Too often a company’s management books and tax books drift apart—little by little, year after year—until they are so far apart that they have, literally, irreconcilable differences.

And frankly, YOU should care. Part of running a business is optimizing the tax impact and if your management books diverge from the numbers you report for taxes, you’ll have a rough time planning accurately. Furthermore, you may end up in a situation where only your tax accountant knows the real numbers and how to calculate them … a dangerous situation for lots of reasons.

What to do about it: To fix this, you’ll need to get the adjustments from your tax preparer. Then, ask your bookkeeper to make the same adjustments using a “13-period year.” Each month is one period (that’s 12!), and the last day of the year is period 13 by itself. The last period should include all tax adjusting entries so that on December 31 your books look just like the tax return. Be careful to put ONLY the tax adjustments into December 31 so you keep your operating results in the first 12 periods.

If that sounds like it will mess up the way you like to see your books, simply run your reports for the year without the tax adjustments (i.e., January 1 – December 30 only). Note: Do NOT let your bookkeeper “reverse” the entries in the new year without consulting the tax preparer, as this could eliminate the changes and put you right back where you started: with two diverging sets of books.

Why should you care? You need to care because banks do, and will want to see that you can “tie” your management books to your tax returns. Every time you go for a loan, they will want to know why there are differences. And the IRS will ask the same question if they ever audit your taxes.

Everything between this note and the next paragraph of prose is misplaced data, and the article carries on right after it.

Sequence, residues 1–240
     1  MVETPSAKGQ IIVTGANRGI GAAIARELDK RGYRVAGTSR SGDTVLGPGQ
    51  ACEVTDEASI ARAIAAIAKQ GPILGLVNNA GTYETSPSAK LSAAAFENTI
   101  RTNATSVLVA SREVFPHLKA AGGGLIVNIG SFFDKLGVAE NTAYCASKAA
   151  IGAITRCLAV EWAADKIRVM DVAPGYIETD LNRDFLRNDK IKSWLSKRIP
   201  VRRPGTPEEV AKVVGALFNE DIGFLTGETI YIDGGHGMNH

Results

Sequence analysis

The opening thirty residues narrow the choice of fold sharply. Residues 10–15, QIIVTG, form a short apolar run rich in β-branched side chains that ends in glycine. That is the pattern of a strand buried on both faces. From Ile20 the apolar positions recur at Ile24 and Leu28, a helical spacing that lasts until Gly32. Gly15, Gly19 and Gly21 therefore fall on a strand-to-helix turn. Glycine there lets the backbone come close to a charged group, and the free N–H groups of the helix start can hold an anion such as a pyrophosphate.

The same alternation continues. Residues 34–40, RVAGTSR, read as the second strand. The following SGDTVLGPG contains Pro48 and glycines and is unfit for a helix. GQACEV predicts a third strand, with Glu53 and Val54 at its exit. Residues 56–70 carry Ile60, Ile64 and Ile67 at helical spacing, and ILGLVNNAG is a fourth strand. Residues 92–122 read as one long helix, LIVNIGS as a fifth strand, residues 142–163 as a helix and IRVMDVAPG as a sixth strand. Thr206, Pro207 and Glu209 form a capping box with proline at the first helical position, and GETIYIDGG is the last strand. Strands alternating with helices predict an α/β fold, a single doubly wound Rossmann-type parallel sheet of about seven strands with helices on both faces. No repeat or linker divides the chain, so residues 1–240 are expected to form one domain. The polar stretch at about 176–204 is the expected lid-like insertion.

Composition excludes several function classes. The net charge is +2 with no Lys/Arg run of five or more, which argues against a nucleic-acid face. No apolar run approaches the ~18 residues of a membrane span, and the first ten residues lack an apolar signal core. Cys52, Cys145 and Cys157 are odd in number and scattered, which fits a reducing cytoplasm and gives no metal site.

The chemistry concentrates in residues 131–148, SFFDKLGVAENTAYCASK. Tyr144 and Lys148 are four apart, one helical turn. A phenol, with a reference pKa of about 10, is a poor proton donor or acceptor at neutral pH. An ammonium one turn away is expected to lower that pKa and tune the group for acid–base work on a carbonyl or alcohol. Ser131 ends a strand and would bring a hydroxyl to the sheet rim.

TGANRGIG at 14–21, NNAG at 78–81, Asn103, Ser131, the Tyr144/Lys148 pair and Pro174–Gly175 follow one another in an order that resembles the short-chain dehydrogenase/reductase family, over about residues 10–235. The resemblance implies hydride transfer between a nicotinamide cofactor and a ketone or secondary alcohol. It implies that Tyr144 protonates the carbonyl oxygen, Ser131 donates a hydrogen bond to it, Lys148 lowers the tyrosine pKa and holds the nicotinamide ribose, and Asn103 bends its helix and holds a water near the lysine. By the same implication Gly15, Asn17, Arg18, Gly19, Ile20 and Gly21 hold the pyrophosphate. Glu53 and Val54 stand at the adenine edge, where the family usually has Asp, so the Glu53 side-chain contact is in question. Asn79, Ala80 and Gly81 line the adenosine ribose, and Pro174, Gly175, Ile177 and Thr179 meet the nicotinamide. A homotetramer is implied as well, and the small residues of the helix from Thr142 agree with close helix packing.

Reason #2: You’re keeping a second set of books just to comply with GAAP

Like their tax prep cousins, some especially strict CPAs will insist that your books be GAAP compliant. GAAP, or Generally Accepted Accounting Principles, uses a book-full of rules that dictate how income and expenses get recorded.

Why should you care? While GAAP is very helpful for public companies, it is neither a requirement nor a best practice for most small businesses. A number of CPAs will likely send me angry comments about this advice, but I believe firmly that you should shape your own books in a way that makes sense to you. As long as you adhere to basic accounting principles, you are free to make your financial statements tell you whatever you want. And if that is contrary to the finer points of GAAP, no one should care.

What to do about it: No matter how you keep your books, do NOT let someone else keep a second set simply to comply with GAAP. It’s a waste of resources and will probably serve only to confuse you. If you’re already a victim of an over-zealous accountant, my advice is to simply stop. Stop spending money on separate GAAP reporting and find a new accountant who will give you the tools and advice you need to run the company with the one set of books you have.

Reason #3: You have security concerns

Some executives and business owners believe that keeping some records “off the books” will prevent the staff from seeing sensitive financial details (like payroll, perks, or ownership details). Hogwash. Once an executive starts keeping spreadsheets—or, as I have seen in the past, complete QuickBooks files full of “secret” details—the integrity of financial reporting goes out the window. (And unnecessary complexity sets in!)